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Sing Faster: The Stagehands' Ring Cycle (1999)

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Ratings: 6.9/10 from 108 users  
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With its four operas, seventeen-hour running time and months of rehearsal, Wagner's "Ring Cycle" is a daunting undertaking for any opera company. Jon Else goes backstage to show this rare ... See full summary »

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Title: Sing Faster: The Stagehands' Ring Cycle (1999)

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Kenneth 'Spike' Kirkland ...
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With its four operas, seventeen-hour running time and months of rehearsal, Wagner's "Ring Cycle" is a daunting undertaking for any opera company. Jon Else goes backstage to show this rare event entirely from the point of view of union stagehands at the San Francisco Opera. Written by <unknown>

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independent film

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January 1999 (USA)  »

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The film was shot with only one 16mm camera on Fuji 500 ASA stock. See more »

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eye-opening
25 February 2006 | by (New York, NY) – See all my reviews

I have to rate this more highly than the other reviews though my experience with at least more primitive productions of Broadway musicals perhaps made it more interesting to me than to others.

Perhaps the device of having different stagehands narrating the Ring Cycle is rather artificial but it gets the information across. For the most part, we see dress rehearsals for the four "music dramas" from the crew's point of view though plenty of the music comes through even in highly fragmented form.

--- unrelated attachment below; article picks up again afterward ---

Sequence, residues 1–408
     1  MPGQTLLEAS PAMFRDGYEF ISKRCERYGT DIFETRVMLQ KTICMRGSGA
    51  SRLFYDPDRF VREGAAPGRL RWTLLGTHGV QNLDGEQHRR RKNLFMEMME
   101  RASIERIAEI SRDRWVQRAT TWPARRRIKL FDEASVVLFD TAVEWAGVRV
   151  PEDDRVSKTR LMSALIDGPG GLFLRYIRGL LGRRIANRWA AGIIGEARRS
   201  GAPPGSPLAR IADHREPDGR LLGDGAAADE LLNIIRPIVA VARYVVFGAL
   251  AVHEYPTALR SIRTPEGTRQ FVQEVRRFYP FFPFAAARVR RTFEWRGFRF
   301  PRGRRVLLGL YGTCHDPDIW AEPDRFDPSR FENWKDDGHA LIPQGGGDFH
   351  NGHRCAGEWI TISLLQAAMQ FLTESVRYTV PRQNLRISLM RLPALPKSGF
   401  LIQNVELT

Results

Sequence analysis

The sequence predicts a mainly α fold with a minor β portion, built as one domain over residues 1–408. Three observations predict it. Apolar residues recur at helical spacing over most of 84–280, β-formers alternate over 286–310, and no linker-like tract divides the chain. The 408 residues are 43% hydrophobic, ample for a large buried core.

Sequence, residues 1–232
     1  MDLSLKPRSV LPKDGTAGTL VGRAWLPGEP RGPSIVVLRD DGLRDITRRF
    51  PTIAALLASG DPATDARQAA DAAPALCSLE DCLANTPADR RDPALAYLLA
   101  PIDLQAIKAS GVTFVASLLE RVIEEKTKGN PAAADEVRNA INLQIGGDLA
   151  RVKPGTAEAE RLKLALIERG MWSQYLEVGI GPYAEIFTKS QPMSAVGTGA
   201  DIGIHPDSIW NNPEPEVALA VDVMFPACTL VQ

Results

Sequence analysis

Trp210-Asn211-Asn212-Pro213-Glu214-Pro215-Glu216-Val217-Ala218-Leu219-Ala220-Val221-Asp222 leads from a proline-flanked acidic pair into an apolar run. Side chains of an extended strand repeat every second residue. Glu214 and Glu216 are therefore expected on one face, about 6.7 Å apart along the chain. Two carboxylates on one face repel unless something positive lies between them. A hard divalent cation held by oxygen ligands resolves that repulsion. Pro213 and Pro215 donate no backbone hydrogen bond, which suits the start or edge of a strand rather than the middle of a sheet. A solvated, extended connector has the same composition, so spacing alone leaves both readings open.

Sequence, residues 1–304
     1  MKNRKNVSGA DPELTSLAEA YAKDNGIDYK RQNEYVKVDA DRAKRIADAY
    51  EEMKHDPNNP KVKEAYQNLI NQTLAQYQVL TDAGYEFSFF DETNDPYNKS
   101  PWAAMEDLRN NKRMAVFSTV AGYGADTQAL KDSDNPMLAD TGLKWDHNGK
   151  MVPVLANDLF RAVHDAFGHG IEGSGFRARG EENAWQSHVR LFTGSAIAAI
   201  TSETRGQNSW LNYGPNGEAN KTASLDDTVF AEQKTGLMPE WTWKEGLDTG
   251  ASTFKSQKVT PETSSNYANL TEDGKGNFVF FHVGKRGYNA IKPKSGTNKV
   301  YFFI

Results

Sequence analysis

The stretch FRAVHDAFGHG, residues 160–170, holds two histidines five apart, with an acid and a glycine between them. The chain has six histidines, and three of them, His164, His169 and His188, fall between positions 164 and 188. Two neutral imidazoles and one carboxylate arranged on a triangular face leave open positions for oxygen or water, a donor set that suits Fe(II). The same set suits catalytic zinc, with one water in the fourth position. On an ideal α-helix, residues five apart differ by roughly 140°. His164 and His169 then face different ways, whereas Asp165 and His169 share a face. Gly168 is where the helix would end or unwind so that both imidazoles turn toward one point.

The names of the gods in the opera give the stagehands endless problems, especially Loge (logeh) which one man pronounces "lohzh" as in a theater section. Another simply says "Loki" which is the Norse form of the name. Similarly with Wotan who one of the grips calls "Wootan" and another calls Odin. (Should be pronounced as "Vohton" as far as I know but Odin is the Norse form of the name.) There is no doubt the work is backbreaking and very exacting and, during these rehearsals, the S-word is used liberally. Steam and fog machines cause a lot of trouble and, though the men play poker a great deal (the stakes look to be very low-grade.), at certain points during the scene changes, they become very active. In the death of the dragon, one young man especially has to push and pull to control the head.

The relationships between the grips and singers are often quite revealing and it is said that some of them are engaged to Rhinemaidens or Valkyries. In one instance, a "traffic manager" (or whatever) is singing, badly, along with the music whereupon Brunnhilde asks if he is being paid to sing.

Of course, I wonder how much of this is true or simply staged for the purposes of this documentary. Nevertheless I find it very revealing for what it is.


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